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Arts in Australia under attack

Composer Barry Conyngham is also the dean of the Victorian College of the Arts (VCA) at the University of Melbourne in Victoria, Australia, and one of increasing numbers of teachers and academics speaking out against arts programmes under threat.

Conyngham has said that visual and performing arts programmes urgently need additional targeted funding “to protect standards that are under threat by over-enrolments in a demand-driven system”.

The Higher Education Support Amendment Bill of 2011 seeks to increase the percentage of 25- to 34-year-olds with a bachelor’s degree to 40% by 2025, and will see the Australian federal government funding all domestic undergraduate students that universities choose to enrol.

But although the costs of arts programmes are similar to medical degrees, the government currently contributes only AUS$10 832 to cover each arts enrolment, but AUS$19 542 to cover a medical placement.

Evidence produced by a 2011 report, entitled ‘Tertiary Music Education in Australia’ and produced by Global Access Partners, suggests that arts programme standards are slipping. Australia’s Music Council concurs, stating that Australian music students currently receive just 28 hours of individual attention annually, compared with students at European conservatoriums who receive 40-50 hours each per year. The Australian Council of University Art and Design estimates that the highest student–staff ratio that studio art teaching can bear is, on average, 10:1. Currently, however, that ratio has ballooned to 22:1 in colleges across the country.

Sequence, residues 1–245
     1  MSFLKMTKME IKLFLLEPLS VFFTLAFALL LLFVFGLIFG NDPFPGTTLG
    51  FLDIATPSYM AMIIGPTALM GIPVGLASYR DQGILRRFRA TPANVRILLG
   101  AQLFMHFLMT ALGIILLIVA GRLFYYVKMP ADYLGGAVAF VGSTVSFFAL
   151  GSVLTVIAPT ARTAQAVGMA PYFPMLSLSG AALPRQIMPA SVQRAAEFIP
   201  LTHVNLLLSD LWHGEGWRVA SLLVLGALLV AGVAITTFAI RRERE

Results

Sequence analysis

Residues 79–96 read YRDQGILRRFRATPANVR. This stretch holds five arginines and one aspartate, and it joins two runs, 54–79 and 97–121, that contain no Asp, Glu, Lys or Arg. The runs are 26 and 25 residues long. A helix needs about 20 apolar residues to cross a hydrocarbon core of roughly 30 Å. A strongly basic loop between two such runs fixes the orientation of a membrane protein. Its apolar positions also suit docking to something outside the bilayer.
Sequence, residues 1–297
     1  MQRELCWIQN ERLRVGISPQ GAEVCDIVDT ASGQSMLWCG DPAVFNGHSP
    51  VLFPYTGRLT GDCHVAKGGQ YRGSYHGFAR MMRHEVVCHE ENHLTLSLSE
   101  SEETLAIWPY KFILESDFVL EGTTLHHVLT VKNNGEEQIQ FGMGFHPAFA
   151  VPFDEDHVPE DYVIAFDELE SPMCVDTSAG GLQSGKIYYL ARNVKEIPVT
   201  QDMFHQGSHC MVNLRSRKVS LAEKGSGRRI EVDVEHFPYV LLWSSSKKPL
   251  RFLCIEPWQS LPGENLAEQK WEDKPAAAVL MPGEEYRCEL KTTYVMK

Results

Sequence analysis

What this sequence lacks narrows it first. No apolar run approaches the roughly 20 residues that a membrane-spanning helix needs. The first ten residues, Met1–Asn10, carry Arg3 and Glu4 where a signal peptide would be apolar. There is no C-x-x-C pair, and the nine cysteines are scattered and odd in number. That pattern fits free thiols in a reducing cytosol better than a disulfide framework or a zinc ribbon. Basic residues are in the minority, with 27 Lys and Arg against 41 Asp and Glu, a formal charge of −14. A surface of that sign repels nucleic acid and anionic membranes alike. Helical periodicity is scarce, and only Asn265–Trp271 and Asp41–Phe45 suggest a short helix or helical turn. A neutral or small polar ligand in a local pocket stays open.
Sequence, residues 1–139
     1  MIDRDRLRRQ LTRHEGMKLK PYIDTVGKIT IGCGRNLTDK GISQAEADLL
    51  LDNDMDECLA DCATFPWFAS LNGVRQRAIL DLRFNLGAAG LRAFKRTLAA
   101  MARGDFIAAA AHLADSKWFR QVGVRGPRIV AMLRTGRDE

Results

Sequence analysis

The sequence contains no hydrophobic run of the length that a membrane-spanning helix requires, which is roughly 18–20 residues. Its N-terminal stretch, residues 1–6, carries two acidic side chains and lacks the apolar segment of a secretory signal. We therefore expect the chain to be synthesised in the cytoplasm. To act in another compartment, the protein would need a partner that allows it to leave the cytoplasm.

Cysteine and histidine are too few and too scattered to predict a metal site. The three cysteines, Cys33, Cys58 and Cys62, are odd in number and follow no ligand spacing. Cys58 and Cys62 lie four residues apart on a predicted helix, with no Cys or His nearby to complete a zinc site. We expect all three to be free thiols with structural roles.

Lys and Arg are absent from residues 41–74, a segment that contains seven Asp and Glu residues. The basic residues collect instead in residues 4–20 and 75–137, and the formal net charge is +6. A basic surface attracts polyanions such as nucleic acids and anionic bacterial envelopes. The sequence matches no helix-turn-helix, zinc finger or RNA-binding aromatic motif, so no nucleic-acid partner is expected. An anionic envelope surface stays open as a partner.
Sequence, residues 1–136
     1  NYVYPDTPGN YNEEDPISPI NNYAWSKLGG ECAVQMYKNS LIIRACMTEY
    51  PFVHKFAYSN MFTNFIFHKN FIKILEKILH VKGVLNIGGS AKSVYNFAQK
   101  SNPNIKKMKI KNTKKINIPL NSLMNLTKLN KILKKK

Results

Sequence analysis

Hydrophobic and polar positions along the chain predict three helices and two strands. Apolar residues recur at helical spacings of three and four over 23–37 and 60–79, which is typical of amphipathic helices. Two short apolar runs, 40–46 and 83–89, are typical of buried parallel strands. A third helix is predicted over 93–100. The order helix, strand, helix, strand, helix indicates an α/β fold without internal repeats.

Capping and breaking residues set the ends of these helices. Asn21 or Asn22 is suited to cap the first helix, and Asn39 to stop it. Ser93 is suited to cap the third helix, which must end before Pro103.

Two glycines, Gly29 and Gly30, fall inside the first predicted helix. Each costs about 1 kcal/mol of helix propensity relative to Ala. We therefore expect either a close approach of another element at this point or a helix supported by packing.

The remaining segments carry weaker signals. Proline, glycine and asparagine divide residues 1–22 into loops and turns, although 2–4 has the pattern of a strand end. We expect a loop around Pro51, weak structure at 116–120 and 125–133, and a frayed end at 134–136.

Conyngham has publicly opted for the continued capping of places in the arts. “I would rather have more money per student and perhaps the same number of students, or even fewer students, rather than having to educate people with insufficient resources,” he said. Ken Richardson, director of planning and management at the University of Queensland, agrees that keeping a high standard of quality is important. “It is [The University of Queensland’s] position that the quality of the teaching and learning experience, benchmarked against international standards, should be the driving factor in determining funding for the sector,” he says.

Category: Winter 2012

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